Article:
The U.S. multifamily market has showcased strong growth in June, with unprecedented rent increases registered across the entire country. Asking rents increased by a substantial 6.3 percent on an annual basis to $1,482, representing the largest year-over-year rent growth recorded by Yardi Matrix.
While gateway markets started to rebound, rent growth was led by lower-cost metros that have attracted a large number of residents amid the pandemic. Due to people coming from higher-cost cities and increased personal savings, Lifestyle rents outpaced Renter-By-Necessity rates for the first time since 2011. Lifestyle rents grew 7.2 percent, while Renter-By-Necessity rates recorded a 5.8 percent uptick, year-over-year in June.
The list below highlights the top five markets with the highest rent growth on a year-over-year basis through June, based on Yardi Matrix data.
|Rank||Market||Rent June – 2021||YoY Rent Change -June 2021||Rent Change on a T3 Basis|
Source: Yardi Matrix
5. Inland Empire
Thanks to its proximity to Los Angeles, the Inland Empire’s multifamily market was able to benefit from the accelerated migration trends fueled by the pandemic. With an existing housing stock of over 157,000 units, the overall occupancy rate in the Inland Empire reached 98.1 percent as of June, up 1.5 percent year-over-year.
The metro recorded historic rent growth, up 15.1 percent on a year-over-year basis through June, when the average rent was $1,843, above the $1,482 national figure. On a trailing three-month basis, rents rose 1.7 percent.
Tampa has been steadily expanding over the past decade, gaining more than 460,700 residents between 2010 and 2020, according to preliminary data from the U.S. Census Bureau. The metro has also become an attractive destination for people looking to relocate from gateway cities.
As a result, Tampa’s rental market recorded strong growth in recent months. Rents increased 15.1 percent year-over-year through June, and 2.3 percent on a trailing three-month basis. The average rent stood at $1,484, while rates in the Lifestyle category reached $1,737, up $255 year-over-year.
3. Spokane, WA
Spokane’s strong rental market is also fueled by people relocating from expensive West Coast markets, a relatively healthy economy and a low housing supply. Over the past decade, developers delivered roughly 9,500 units in Spokane, with the metro recording a cycle peak in 2018, when a total of 1,420 units came online.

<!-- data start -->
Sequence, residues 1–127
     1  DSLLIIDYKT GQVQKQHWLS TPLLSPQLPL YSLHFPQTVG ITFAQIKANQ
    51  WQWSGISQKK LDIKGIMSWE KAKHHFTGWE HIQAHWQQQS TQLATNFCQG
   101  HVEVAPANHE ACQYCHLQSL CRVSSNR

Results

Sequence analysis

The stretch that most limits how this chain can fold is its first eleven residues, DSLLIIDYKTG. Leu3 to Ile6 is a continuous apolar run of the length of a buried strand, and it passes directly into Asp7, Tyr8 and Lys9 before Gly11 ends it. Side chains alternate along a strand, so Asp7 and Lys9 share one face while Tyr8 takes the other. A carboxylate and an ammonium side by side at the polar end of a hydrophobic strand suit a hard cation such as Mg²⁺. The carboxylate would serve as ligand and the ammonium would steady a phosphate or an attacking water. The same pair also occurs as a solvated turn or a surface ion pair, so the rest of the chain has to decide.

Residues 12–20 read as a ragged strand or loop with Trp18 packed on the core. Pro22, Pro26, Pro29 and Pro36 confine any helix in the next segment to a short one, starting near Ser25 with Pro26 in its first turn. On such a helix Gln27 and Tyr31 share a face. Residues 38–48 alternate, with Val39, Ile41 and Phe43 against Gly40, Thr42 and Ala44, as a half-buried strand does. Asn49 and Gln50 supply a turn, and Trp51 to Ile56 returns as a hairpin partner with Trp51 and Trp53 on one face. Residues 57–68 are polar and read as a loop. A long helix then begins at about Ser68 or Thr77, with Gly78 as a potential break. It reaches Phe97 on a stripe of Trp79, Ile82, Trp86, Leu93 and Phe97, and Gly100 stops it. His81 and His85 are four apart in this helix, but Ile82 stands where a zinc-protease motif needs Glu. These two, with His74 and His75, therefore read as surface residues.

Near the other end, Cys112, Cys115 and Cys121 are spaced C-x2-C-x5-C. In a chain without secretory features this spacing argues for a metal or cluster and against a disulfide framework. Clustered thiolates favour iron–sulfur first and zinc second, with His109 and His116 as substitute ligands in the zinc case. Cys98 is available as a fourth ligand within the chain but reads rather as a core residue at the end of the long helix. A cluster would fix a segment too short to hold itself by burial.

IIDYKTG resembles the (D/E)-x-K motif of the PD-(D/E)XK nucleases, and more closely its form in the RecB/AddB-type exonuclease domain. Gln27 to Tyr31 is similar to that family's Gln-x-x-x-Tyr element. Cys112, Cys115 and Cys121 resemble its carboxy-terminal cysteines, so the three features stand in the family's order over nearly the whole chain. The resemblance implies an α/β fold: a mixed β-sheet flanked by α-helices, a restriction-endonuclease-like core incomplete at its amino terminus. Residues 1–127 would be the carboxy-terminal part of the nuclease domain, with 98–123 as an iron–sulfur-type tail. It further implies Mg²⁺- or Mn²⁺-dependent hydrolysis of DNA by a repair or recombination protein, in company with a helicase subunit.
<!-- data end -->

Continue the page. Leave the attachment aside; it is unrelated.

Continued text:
The past decade’s efforts to expand Spokane’s housing supply, however, might not be enough to satisfy future housing needs. According to the Spokane Regional Housing Needs Summit report, Spokane County’s housing market was underbuilt by nearly 32,000 units in the 2010s, while the region is expected to add 48,000 residents by 2030.
With occupancy rates hovering at 98.2 percent in the metro, rents increased 16 percent year-over-year through June, significantly above the 6.3 percent national rate. As of June, Spokane rents were also up 2.8 percent on a trailing three-month basis. The average rent stood at $1,204, slightly lower than the $1,482 U.S. figure.
Phoenix has become a number one destination for people and businesses relocating from California gateway markets, driving growth across all sectors. The metro gained 132,900 jobs in the 12 months ending in May, with the jobless rate hovering at 6.7 percent, below the 13 percent national figure, according to preliminary data by the U.S. Bureau of Labor Statistics.
Amid strong economic expansion, limited supply and high demand, Phoenix recorded a spike in rental prices. Rents in the valley rose 17 percent year-over-year through June, reaching $1,418. The accelerated growth in rents is even more noticeable when comparing the Lifestyle increases to the Renter-by-Necessity growth. Lifestyle rents in Phoenix grew almost $265 on an annual basis, reaching $1,653, while Renter-by-Necessity rents recorded a $145 uptick over the same period, reaching $1,153.
1. Boise, Idaho
Boise enjoyed strong economic expansion prior to the pandemic, with unemployment at an all-time low and jobs at an all-time high. While the pandemic dampened this growth, Boise is one of the leading markets in the country for rebounding jobs. In May, the metro gained some 29,200 jobs, with the unemployment rate reaching 2.9 percent, down 40 basis points over the previous month, according to BLS data.
Following a decade with roughly 8,000 multifamily unit deliveries, development activity has picked up the pace in Boise. The metro currently has more than 3,300 units under construction and another 3,000 in the planning phases. However, as supply still lags demand, rents surged 20.7 percent year-over-year through June. On a trailing three-month basis, rents grew 2.9 percent as of June.
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